Most of the dialogue within the Armenian community on the Turkish normalization engagement has centered on why Armenia is participating in discussions with Turkey given the latter’s horrific record with Armenia. Most of that debate was perhaps useful a year ago, but it is probably a better use of our collective resources to focus on how to protect Armenia’s interests in this process. Over the last few weeks we have suggested the necessity of protecting the dignity of the global Armenian nation and the use of a “pause” tactic to counter Turkish duplicity. Clearly Armenia is entering these discussions at a disadvantage as Turkey attempts to keep Armenia on the defensive. An example of this strategy is the unwarranted yet predictable comments by both President Erdogan and Foreign Minister Cavusoglu that seemed more indicative of their desire for an unconditional surrender rather than opening a new era with diplomatic relations. Demanding a territorial pathway through sovereign Armenian territory is hardly a gesture of reconciliation and goodwill. It is more representative of a nation that has sought Armenia’s destruction for decades. Unilaterally declaring the participation of Azerbaijan and linking any solution of the normalization front to a “peace” treaty with the rogue dictatorship to the east is an attempt at humiliating the Armenians. Erdogan, who is a great admirer of the Ottoman Turk murderers and the Turkish Republic, founded on the blood of murdered Christians, behaves like this is 1920 and not 2022. He operates with disdain for Armenia and the Armenian people, yet expects full cooperation with his fanatical agenda. To its credit, Armenia has responded to the “Zangezur Corridor” demand as a non-starter. How should Armenia best use the suggested “pause” sequence, and what will it bring to the table when discussions are re-initiated? Armenia wants a stable open border on its western front with meaningful diplomatic relations. For a small country with limited resources, strategic partnerships and peaceful relations are a means of survival. The wars Armenia has fought are defensive in nature in that they are forced to defend their territory or rights from an aggressor. In recent times that aggressor, Azerbaijan, has a significant ally in Turkey. The latter’s participation has been direct and criminal, thus complicating the diplomatic process. Neither party has any trust, and in the case of Turkey holds no fundamental human respect. It is a complicated process to say the least. Turkey views this engagement as having little downside and as an opportunity for leverage with the West. Diplomatic relations with Armenia are an expected outcome only if their unilateral demands are met. We simply don’t use the word pre-conditions in this process, but it is the elephant in the room. Erdogan adheres to the pan-Turkic strategy of uniting the eastern and western cousins with Armenia once again the obstacle. Genocide wasn’t quite enough to fulfill this criminal fantasy, but squeezing what remains of this peaceful and ancient Christian nation seems to be the current thinking. Their thinking is united by the common threads of redrawing the borders, creating territorial pathways and depopulating regions. Turkey is a nation that has 25 times the population of Armenia with a significant military (thank you, NATO) and economic leverage. That buys a great deal of influence regardless of the moral, historical and legal justifications of the Armenians. Improving the imbalance of the process and limiting the defensive postures that Armenia finds itself in are the keys to protecting Armenia’s interests. How can Armenia best get its message across and dilute the impact of the Turkish demands?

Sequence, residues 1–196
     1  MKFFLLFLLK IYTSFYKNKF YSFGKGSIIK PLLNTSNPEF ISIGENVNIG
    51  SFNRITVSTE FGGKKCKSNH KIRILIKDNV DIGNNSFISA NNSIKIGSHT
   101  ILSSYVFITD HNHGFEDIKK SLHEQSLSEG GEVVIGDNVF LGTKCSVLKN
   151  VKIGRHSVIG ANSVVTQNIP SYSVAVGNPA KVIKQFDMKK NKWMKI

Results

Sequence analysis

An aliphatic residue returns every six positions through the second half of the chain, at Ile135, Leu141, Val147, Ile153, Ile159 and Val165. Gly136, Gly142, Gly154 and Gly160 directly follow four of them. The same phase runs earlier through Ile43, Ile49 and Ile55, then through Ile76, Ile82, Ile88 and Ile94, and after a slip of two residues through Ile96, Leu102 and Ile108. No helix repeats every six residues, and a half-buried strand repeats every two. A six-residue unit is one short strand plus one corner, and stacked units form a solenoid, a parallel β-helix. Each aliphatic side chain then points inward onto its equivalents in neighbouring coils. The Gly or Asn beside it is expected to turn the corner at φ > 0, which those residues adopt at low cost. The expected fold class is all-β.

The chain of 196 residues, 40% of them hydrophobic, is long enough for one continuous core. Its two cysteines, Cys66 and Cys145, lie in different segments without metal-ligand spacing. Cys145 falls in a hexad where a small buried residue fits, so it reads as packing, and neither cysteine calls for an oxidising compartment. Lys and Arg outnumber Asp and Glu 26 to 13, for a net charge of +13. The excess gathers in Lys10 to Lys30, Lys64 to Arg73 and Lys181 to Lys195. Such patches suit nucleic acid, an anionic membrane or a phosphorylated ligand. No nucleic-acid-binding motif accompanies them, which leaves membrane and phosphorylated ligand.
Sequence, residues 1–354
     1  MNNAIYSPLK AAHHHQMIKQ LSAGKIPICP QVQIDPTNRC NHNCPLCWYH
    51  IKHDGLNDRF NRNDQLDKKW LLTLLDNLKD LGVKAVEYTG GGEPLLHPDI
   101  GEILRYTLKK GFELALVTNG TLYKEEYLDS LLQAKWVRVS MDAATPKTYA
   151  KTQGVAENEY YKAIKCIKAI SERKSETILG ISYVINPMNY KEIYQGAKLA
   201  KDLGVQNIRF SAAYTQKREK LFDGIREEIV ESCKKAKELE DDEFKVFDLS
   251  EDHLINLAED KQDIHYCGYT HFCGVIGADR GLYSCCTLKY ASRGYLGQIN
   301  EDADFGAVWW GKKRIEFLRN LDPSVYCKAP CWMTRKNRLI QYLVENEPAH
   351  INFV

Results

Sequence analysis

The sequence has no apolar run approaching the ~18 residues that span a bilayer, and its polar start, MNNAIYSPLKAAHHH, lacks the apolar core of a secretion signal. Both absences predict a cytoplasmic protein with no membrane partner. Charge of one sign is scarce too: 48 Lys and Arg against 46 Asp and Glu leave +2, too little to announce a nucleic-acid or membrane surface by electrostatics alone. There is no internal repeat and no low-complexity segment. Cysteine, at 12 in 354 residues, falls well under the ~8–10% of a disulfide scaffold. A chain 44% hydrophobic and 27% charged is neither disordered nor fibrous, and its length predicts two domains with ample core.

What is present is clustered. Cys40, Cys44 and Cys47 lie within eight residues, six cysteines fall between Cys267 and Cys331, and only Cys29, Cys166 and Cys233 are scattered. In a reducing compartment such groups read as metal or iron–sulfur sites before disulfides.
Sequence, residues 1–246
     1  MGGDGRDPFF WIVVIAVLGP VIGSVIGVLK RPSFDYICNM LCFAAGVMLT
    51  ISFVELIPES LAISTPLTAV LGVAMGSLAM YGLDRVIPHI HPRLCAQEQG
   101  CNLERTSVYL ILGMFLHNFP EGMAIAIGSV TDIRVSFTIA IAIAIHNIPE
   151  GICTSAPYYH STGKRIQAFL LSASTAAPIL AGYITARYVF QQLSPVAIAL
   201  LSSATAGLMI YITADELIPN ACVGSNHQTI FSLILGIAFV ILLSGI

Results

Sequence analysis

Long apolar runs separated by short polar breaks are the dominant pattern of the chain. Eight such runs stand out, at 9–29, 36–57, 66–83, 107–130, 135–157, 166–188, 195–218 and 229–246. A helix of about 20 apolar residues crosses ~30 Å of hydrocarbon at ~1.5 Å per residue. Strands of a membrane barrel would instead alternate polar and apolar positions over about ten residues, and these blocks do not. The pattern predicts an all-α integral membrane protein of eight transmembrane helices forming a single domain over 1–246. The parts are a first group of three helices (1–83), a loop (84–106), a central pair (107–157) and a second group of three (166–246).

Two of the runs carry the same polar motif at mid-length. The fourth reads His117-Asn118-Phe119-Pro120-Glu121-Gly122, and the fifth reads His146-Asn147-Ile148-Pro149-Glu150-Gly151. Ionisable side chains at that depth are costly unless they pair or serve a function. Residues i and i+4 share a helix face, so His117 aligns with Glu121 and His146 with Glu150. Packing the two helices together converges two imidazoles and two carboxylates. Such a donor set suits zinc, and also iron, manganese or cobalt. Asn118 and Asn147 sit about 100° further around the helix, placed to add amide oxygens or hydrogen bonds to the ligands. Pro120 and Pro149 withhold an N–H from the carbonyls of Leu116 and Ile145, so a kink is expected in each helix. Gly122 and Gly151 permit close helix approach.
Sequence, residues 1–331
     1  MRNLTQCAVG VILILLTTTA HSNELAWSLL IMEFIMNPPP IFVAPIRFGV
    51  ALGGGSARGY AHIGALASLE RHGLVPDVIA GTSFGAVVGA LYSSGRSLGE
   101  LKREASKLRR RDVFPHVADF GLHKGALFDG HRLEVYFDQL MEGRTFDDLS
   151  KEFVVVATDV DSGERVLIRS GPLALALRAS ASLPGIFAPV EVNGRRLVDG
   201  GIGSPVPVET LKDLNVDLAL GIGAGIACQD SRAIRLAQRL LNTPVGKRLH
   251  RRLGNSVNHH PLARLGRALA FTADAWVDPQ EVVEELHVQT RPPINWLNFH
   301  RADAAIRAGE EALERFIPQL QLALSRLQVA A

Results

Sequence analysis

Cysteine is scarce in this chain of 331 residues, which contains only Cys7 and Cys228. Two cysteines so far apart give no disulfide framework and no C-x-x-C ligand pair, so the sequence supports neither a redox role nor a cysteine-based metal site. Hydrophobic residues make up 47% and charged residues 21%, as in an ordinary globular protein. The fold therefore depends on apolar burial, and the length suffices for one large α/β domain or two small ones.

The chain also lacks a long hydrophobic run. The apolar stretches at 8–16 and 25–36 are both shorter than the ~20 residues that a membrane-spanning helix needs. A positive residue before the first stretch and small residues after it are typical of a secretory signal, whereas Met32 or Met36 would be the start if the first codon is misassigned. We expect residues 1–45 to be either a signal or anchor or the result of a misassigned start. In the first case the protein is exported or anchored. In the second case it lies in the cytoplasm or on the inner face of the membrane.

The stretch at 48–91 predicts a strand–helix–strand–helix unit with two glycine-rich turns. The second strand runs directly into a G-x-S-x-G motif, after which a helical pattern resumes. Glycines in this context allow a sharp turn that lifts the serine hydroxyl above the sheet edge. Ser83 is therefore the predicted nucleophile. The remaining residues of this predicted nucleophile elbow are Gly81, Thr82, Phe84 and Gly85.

The basic problem is that Armenia is expected to always play by the rules that no else follows. For thirty years, Azerbaijan and Armenia pledged to resolve the Artsakh conflict through “only peaceful” means, and for thirty years Azerbaijan, with the diplomatic, economic and eventually military help of Turkey, violated that pledge on an almost daily basis with border attacks, killings and several attempts to capture territory. Every time the OSCE Minsk Group, the Russian foreign ministry or western diplomats made statements, it was always to encourage both sides to display restraint and remain committed to peace. Azerbaijan would agree to several “good faith” measures such as sniper control, yet continue to wantonly murder Armenian soldiers. They constantly rejected any attempts to install border monitoring equipment and eventually rejected the presence of OSCE negotiators on their soil. In the meantime, the brave Armenian forces participated only on a defensive basis as they absorbed the loss of their comrades. Eventually Azerbaijan became frustrated by the lack of diplomatic progress (anything less than Artsakh’s surrender was unacceptable) and launched an attack with Turkey that violated every aspect of the peace process of the last thirty years and committed countless international war crimes. The preventative and post-war responses from these same peace-seeking stakeholders were pitiful and humiliating. We are now entering a new era of “normalization,” and the same third parties are leading the Armenians to come to an agreement with the wolves. There are no rules…only the rhetoric of the day. The rules of “no preconditions” are violated because the Turks choose to disrespect and disregard Armenian rights as a part of their policy. The one weakness that the Turks have is their arrogance. They have such disdain and hatred for the Armenians that they are prone to emotional outbursts that have the possibility of putting them on the defensive during the “pause.” It was Erdogan who brazenly referred to the Armenians as “remnants of the swords” and speaks to the work of his ancestors in high regard concerning Armenian atrocities. Erdogan has an important election in the next year. His wild card to the Turkish public is always some foreign policy distraction that appeals to the “patriotic” interests of nationalistic Turks. Remember, while Kemal Ataturk was slaughtering Greek, Armenian and Assyrian Christians, he was considered a great patriot and savior of the Turkish nation. Erdogan exerts his bluster towards the Greeks, Cypriots, Syrians, Kurds and now the Armenians to rally his support at home…all at the expense of neighbors. If Turkey feels comfortable stating that the Armenian border and diplomatic relations will be established when the Azerbaijani peace treaty and “Zangezur Corridor” are completed, then perhaps Armenia should consider two responses. First, hit the pause button to send a message to Turkey and the third parties that Armenia is a full partner to be respected. This will also buy time to work on the western diplomats in an attempt to bring some semblance of order to the talks. The second action is to respond to “non pre-conditions” with our own set of “non pre-conditions.” The arrogantly shared Turkish rationale has been that these demands have always been their position and therefore are justified. This is intended to be a negotiation between two nations. Armenia has similarly justified long-established positions. If the Turks are going to make demands in this diplomatic exchange, then Armenia should propose that Turkey acknowledge the Armenian Genocide in this process of normalization. Additionally, as a result of the territorial loss from the Genocide, Armenia continues to be a landlocked nation. The Wilsonian Award would have given Armenia access to the Black Sea. Armenia should insist on a land route through Turkey to the Black Sea. We could refer to it as the “Kars Corridor.” After all, if the Turks can insist on a land corridor through sovereign territory that was never theirs to demand, then certainly Armenia can suggest a comparable proposal that will go through stolen Armenian land. One can be certain that this type of proposal will generate some type of emotional response from the Turkish side. The hope is that the Turkish response would motivate the third parties to bring pressure on Turkey to return to the original rules of engagement. We can also assume that Erdogan will not be able to resist the temptation to insult the Armenians publicly with additional racist comments and threats that will not be well received in civilized nations. This may provide Armenia with an opportunity to counter propose a return to a true “no pre-conditions” environment. The intent here is to take positions that will provide some increased level of balance and leverage. Reasonable diplomats understand how unreasonable the Turks are, yet their governments will not take corrective measures unless the Turkish position interferes with their interests. Regional instability is not in the interests of the West, Iran or Russia. If that criminal intent by Turkey is exploited in these negotiations, we may see some diplomatic intervention. Armenia simply wants an honorable peace that is the right of any sovereign nation. In order to achieve that objective, they may need to put the Turkish side on the defensive. They have so little human respect for Armenia’s right to exist that any response of this nature from Armenia will display the true Turkish intent. This is a nation that has and continues to oppress any non-Turkish minority to achieve their dangerous intentions. Regional hegemony through pan-Turkic aggression is not in the interests of Russia, Iran or the West. This negotiation offers everyone insight into that strategy. Armenia can help protect its interests in a difficult environment with measured actions to expose this nefarious plot. The last few decades in this conflict have offered us important lessons. We know that no one will come to the aid of the Armenians unless there is some level of self interest. Generating that against a giant of a nation with diplomatic, military and economic power is challenging. These normalization talks with Turkey are risky but do offer an opportunity to weaken their demands. Armenia is in a difficult position at this moment, and we will repeat our call for public unity as these ominous waters are navigated. Pray for Armenia, and stand with Armenia.